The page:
Joey on a Stick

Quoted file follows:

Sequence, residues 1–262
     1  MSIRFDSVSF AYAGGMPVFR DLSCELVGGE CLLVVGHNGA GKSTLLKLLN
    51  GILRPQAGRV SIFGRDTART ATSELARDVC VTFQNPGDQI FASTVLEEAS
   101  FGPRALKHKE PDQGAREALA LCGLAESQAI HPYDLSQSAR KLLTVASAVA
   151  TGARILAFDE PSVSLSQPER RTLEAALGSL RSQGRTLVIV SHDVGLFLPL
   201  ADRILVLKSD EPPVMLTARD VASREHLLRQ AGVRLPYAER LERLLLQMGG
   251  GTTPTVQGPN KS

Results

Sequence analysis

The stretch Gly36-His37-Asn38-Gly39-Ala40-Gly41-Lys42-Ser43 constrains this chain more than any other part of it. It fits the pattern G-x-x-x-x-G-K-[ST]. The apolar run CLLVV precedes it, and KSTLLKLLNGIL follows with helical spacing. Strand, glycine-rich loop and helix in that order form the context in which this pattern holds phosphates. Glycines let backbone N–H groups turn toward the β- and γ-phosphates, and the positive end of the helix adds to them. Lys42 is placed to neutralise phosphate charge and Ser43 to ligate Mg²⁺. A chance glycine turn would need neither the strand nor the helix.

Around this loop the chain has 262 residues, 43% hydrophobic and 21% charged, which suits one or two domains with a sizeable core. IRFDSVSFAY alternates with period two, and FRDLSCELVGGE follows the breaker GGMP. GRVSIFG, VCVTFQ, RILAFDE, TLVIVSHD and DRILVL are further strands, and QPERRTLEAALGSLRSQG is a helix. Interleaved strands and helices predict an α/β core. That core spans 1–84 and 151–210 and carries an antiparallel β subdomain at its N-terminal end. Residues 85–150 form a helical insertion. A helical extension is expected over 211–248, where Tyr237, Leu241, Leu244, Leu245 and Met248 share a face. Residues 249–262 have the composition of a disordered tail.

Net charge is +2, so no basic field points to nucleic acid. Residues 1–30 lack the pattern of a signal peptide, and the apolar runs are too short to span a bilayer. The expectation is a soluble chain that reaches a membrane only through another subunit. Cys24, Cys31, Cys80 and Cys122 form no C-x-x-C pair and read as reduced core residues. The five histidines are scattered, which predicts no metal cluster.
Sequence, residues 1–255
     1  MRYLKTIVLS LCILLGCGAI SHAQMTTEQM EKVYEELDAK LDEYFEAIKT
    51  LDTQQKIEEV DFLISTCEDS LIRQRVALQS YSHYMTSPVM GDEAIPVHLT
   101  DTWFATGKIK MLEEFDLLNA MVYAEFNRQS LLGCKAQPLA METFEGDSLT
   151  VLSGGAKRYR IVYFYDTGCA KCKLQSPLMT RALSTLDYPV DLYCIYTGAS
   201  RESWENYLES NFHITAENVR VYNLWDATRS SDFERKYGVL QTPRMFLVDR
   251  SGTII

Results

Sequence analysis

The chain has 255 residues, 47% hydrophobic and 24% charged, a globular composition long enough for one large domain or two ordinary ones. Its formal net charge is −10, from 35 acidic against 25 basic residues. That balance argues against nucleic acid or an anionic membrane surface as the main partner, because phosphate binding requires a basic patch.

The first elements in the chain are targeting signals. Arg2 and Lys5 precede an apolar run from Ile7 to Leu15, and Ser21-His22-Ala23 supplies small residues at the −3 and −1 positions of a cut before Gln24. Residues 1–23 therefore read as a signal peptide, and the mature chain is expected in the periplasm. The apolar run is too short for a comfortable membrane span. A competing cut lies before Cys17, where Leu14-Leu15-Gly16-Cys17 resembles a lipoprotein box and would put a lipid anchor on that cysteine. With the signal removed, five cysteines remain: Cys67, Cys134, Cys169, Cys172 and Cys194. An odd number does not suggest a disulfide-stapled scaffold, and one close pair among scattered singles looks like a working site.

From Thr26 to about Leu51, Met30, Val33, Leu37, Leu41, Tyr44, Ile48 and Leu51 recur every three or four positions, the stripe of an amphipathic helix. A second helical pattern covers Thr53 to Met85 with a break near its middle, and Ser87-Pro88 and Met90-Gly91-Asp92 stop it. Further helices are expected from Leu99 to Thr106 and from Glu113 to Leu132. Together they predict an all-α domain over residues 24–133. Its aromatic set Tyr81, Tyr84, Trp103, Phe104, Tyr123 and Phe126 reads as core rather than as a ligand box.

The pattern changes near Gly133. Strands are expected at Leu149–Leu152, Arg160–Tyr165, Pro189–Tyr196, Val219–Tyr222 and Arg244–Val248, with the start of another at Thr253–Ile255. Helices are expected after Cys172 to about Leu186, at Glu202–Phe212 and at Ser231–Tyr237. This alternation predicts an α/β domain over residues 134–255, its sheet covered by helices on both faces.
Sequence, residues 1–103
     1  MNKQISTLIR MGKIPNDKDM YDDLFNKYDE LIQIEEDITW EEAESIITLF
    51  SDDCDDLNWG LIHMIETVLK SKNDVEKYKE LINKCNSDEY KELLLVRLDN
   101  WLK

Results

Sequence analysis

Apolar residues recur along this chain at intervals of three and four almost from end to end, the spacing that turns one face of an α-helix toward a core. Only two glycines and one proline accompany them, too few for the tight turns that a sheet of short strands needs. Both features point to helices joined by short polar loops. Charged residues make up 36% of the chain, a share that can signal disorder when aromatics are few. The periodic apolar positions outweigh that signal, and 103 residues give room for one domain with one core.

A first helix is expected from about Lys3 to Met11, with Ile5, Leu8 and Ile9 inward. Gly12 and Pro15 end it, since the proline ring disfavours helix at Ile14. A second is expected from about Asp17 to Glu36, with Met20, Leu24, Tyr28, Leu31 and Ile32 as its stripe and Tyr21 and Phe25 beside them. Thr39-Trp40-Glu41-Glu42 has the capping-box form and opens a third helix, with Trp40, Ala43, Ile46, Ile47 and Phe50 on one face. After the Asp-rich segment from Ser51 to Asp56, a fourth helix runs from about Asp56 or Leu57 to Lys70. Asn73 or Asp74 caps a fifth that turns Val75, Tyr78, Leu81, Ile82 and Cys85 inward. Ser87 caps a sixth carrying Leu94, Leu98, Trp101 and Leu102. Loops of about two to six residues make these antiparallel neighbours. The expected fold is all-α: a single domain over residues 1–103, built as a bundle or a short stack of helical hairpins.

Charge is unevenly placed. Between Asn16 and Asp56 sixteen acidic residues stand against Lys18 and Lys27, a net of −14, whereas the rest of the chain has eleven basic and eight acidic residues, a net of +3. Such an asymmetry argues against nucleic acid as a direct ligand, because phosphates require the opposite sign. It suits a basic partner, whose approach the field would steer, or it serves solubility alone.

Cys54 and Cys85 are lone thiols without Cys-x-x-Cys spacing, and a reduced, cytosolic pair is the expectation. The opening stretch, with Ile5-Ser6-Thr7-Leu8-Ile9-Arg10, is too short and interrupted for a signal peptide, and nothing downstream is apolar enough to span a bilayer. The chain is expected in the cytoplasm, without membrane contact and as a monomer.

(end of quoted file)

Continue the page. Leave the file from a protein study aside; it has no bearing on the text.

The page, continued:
Native only to the undergrowth of rainforest on two small hill ranges in the Ipoh area of Perak in northwestern Malaysia, this spectacular palm is similar to Johannesteijsmannia altifrons but develops a slender aboveground trunk that can reach about 4 m (13 ft.) tall, making it the largest of the genus. Its short inflorescences are produced from among the leaves and carry small, scented flowers that develop into rather large, curiously warty fruits. While in its native range it has been common enough that the very large undivided, diamond-shaped and strongly pleated leaves have been put to the rather profane use of thatching local dwellings, today, like so many palms, it is seriously threatened by the destruction of virgin rainforests without which it cannot regenerate. In cultivation, it is more cool-tolerant than its habitat suggests, and will grow happily in a warm subtropical climate and, of course, anywhere in the tropics, in a shady, wind-protected situation. Because seeds have not been available for propagation, it has remained exceedingly rare though, the most uncommon of the Joey palms, and is seen only in very few collectors gardens around the world.